Philadelphia, PA - When you ask a steakhouse about the rareness of a steak, you might be surprised to learn that Pittsburgh style is actually a variation of rare. In Pittsburgh, rare means that the outside of the steak is charred but still rare on the inside.
What Is Pittsburgh Rare and How Do You Cook It
Because steaks in this region are heated quickly, the level of rareness can vary widely. Some restaurants serve a rare version of the Pittsburgh-style steak, while others offer a slightly charred steak. But what is the difference between a rare and a perfectly cooked piece of beef?
How to Cook Pittsburgh-Style Steak
The secret to a perfectly cooked steak in the Pittsburgh style lies in cooking it over an open flame. A steak cooked this way is known as a "Pittsburgh strip" and is not the same as your regular strip steak. However, the beef is cooked at a high temperature, making it very easy to cook. While cooking a ribeye or New York strip, you should set aside the fat to be used later on. The meat should be completely raw or rare on the inside.
The process of cooking a Pittsburgh-style steak is simple. It starts by cooking the meat over an open flame until it is nearly black. This ensures that the meat has an even and consistent internal temperature. The next step is to place the steak on the grill seven to ten minutes before the heat reaches its maximum. Firewood may be used to get the grill hotter. As the steaks are cooked on an open flame, the outside layer of meat is sealed with a high-grade char.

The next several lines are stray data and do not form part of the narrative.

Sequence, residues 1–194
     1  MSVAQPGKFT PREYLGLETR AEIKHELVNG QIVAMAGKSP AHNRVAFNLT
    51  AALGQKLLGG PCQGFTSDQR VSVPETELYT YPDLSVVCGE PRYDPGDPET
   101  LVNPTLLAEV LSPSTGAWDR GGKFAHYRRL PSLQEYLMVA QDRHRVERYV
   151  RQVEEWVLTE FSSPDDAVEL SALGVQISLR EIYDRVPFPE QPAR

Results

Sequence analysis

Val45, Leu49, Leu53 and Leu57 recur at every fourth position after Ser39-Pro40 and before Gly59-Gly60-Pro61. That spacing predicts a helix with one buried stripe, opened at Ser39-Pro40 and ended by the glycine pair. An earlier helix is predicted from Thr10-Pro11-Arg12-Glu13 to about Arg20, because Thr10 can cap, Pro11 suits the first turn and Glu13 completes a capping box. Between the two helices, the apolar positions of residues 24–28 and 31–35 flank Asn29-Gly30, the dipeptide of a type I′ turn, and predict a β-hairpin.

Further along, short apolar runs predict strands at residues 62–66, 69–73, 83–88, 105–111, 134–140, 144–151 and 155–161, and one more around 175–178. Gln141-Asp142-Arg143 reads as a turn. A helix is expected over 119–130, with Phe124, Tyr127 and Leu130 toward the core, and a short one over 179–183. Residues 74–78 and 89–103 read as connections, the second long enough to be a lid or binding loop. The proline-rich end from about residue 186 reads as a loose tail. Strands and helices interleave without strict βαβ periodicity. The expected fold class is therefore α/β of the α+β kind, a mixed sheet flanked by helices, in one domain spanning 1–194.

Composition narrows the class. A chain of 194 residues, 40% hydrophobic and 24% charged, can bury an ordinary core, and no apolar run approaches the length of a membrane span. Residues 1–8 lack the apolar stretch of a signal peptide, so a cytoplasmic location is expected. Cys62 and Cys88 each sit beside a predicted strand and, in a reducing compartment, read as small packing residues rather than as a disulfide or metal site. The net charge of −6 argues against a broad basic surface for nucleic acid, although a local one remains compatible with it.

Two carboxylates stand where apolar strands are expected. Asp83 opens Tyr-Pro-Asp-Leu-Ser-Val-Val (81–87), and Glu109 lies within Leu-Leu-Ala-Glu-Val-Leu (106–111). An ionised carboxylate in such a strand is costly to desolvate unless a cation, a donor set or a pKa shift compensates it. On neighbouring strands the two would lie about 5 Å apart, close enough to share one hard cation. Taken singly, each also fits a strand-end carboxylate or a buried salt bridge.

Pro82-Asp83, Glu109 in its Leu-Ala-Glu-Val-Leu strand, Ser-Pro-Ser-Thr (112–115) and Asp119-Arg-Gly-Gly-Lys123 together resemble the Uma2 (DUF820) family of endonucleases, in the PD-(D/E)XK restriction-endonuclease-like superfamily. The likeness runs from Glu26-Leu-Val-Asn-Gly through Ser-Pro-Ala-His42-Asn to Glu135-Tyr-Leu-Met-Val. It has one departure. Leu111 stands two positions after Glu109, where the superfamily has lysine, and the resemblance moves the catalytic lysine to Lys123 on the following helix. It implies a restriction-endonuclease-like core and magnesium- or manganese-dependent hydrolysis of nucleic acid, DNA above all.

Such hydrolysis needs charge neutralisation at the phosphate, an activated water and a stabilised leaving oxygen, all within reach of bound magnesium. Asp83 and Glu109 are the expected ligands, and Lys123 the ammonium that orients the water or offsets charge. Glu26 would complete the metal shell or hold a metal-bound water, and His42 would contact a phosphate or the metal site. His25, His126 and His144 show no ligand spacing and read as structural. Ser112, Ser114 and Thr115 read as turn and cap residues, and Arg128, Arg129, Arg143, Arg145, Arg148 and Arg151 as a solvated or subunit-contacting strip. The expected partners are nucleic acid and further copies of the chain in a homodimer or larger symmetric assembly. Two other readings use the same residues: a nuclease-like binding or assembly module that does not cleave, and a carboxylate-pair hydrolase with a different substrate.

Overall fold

History of The Pittsburgh-Style Steak
While the term Pittsburgh-style steak has no official definition, this style of steak is often associated with steel mills. It is a unique type of meat, cooked so the inside remains raw, and its exterior is charred to perfection. A typical steak is usually made with a thick cut of beef and can be trimmed or fabricated. Because of the high temperature of a blast furnace, the steak is more tender and juicy than its counterpart.
The steak was cooked on hot metal to kill bacteria and retain its tenderness. During the Great Depression, mill workers had only 30 minutes to eat lunch, so they needed a high-calorie meal. The steak was charred to a point where the outside would drop off. Hence, it became known as "Pittsburgh style" because it was roasted in a restaurant. This method of cooking steaks required high temperatures, which reached over 2,000 degrees Fahrenheit.